Full Details for Lot 159

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  Sale 1147 Lot 159

Elizabeth Catlett
(African-American; 1915 - 2012)
Black Flag
Bronze
The original design for "Black Flag" was conceived and executed in cedar in 1970 and is illustrated at p. 21 in the Neuberger Museum Catalog by Lucinda Gedeon, Elizabeth Catlett Sculpture, a Fifty Year retrospective.

The casting was executed later at the artist's request.

Provenance: Private Collection, Mexico City.

Born in Washington D.C., Elizabeth Catlett grew to be an artist best known for her politically charged, black expressionistic sculptures and prints. She attended Howard University where she studied design, printmaking and drawing. In 1940, Catlett became the first student to receive an M.F.A. in sculpture at the University of Iowa School of Art and Art History. Grant Wood instilled in her the idea of working with subjects that she, the artist, knew best. She was inspired to create Mother and Child in 1939 for her thesis. This limestone sculpture won first prize in its category at the American Negro Exposition in Chicago, 1940.
From there, she studied ceramics at the Art Institute of Chicago, 1941; lithography at the Art Students League of New York, 1942-43; and with sculptor Ossip Zadkine in New York, 1943. In 1946 Catlett received a Rosenwald Fellowship that allowed her to travel to Mexico City where she studied wood carving with Jose L. Ruiz and ceramic sculpture with Francisco Zuniga. There, she worked with the Taller de Grafica Popular, (People's Graphic Arts Workshop), a group of printmakers dedicated to using their art to promote social change. The TGP inspired her to reach out to the broadest possible audience, which often meant balancing abstraction with figuration. "I learned how you use your art for the service of people, struggling people, to whom only realism is meaningful," she later said of this period.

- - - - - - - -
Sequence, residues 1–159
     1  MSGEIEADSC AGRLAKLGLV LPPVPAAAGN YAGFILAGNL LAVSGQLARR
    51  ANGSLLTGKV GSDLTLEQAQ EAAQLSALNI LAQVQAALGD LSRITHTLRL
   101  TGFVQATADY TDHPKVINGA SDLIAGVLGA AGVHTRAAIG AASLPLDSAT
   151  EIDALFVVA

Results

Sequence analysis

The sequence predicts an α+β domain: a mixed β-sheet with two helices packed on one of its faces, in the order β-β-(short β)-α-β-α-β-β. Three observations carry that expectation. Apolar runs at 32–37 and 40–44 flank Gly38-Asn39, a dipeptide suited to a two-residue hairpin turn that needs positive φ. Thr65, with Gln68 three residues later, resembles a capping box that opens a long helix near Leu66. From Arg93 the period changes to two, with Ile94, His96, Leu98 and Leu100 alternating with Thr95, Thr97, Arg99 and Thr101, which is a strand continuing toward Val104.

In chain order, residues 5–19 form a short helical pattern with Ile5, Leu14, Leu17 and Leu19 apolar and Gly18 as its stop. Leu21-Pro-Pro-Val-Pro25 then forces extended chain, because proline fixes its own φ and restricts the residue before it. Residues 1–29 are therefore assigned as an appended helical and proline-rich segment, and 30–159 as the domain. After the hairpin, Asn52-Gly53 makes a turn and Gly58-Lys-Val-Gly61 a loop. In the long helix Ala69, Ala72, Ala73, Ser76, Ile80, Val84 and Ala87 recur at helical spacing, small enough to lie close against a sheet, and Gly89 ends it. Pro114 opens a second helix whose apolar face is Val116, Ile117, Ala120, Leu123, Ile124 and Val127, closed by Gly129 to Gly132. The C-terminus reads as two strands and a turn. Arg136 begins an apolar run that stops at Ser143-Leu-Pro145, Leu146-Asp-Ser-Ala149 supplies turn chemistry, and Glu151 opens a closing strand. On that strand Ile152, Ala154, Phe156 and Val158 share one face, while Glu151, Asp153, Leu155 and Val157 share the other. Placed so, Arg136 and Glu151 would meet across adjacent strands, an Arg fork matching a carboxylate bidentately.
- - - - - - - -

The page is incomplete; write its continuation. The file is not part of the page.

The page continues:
After settling in Mexico and later becoming a Mexican citizen, she taught sculpture at the National Autonomous University of Mexico in Mexico City until retiring in 1975.
Ms. Catlett was more concerned with the social dimension of her art than its novelty or originality. "I have always wanted my art to service my people - to reflect us, to relate to us, to stimulate us, to make us aware of our potential."

Catlett's work is represented in museums worldwide, including the Museum of Modern Art and the Metropolitan Museum of Art in New York, the Museum of Modern Art in Mexico City and the National Museum in Prague.

19" x 5" x 4"
Estimate $8,000-12,000


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